My research is a practice-led, critical inquiry into the relationship between art and utility, the usefulness of the art object and the phenomenon of useful art. For art to be useful the expected outcome of artistic activity must be significant for the audience or group within which it takes place. Authors are replaced by initiators and viewers are transformed into users while art becomes a tool or device to change how we act in society.
The reciprocal readymade, a Marcel Duchamp idea of recycling art into objects of utility, as opposed to the standard readymade which recycled functional objects into art, has been re-introduced to contemporary art discourse in relation to the ‘use-value’ of art and socially engaged art projects, but not specifically to the art objects. I am attempting to address that by producing art objects, reciprocal readymades, and to test their usefulness during a series of artistic events involving the participants in scenarios where the works of art are literally used as utility objects.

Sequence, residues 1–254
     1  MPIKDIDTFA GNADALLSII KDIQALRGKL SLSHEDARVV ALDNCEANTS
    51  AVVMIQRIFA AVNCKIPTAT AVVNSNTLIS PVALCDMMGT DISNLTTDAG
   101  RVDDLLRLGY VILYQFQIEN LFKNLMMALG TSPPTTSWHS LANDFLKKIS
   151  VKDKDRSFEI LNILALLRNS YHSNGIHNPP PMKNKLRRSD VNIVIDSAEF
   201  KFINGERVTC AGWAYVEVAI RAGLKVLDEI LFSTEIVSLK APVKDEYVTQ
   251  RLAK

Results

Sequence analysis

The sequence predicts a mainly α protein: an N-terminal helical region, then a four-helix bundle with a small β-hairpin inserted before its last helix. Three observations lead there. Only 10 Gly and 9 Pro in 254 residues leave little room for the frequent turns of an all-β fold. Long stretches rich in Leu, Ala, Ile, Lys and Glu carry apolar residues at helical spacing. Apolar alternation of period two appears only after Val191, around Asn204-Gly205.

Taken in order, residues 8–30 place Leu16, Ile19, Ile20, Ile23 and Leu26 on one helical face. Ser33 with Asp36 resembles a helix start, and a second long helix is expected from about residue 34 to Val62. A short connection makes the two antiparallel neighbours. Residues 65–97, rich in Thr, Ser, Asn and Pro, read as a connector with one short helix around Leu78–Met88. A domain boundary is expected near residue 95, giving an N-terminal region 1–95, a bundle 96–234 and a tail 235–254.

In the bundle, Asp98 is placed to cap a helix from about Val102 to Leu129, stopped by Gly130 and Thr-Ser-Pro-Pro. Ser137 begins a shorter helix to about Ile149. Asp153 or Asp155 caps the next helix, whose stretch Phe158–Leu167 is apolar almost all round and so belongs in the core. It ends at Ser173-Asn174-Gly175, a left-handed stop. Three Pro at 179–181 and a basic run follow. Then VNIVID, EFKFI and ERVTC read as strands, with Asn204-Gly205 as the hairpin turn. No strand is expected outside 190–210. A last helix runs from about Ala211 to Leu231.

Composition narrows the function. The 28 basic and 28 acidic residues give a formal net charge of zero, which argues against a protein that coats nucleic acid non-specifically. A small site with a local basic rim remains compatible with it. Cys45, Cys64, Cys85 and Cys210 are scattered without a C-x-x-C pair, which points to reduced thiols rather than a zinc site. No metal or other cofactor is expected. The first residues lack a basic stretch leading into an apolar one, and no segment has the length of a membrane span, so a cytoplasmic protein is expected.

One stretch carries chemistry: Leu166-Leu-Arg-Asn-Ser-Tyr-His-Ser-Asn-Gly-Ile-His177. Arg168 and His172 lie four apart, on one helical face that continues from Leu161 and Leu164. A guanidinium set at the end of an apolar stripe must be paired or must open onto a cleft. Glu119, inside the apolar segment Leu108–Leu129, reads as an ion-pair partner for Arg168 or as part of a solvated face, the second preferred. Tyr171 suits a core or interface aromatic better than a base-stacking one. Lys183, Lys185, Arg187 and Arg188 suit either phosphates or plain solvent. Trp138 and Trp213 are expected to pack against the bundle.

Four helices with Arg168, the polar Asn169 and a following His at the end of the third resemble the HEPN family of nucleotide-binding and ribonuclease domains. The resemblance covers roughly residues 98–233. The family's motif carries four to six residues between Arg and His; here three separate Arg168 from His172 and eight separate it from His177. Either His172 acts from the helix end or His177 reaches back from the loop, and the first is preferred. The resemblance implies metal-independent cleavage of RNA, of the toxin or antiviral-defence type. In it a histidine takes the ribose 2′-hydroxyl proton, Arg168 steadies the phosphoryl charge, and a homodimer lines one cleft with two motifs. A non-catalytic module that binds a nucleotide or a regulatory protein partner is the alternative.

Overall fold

This research also attempts to trouble the concept of usefulness of art through answers to the following questions: how art can be useful? who defines the usefulness of art - an artist/ the maker/ the initiator or the audience/ the participants/ the users? How do participants’ expectations shape the usefulness of art? Can the usefulness of art be tested by simply applying set of criteria? If the concept of ‘useful art’ is built on opposition, does it mean art is use-less?
My research methodology joins theoretical, largely art historical, enquiry with two activities that I am engaged in as an artist: my studio work, dedicated to exploration of contradictions between art object and functionality and collaborative, curatorial projects. The investigation examines the intersection between art and society, re-emergence of collective approaches to art making, artistic work and the re-discovery of the rural together with the transformative qualities of art.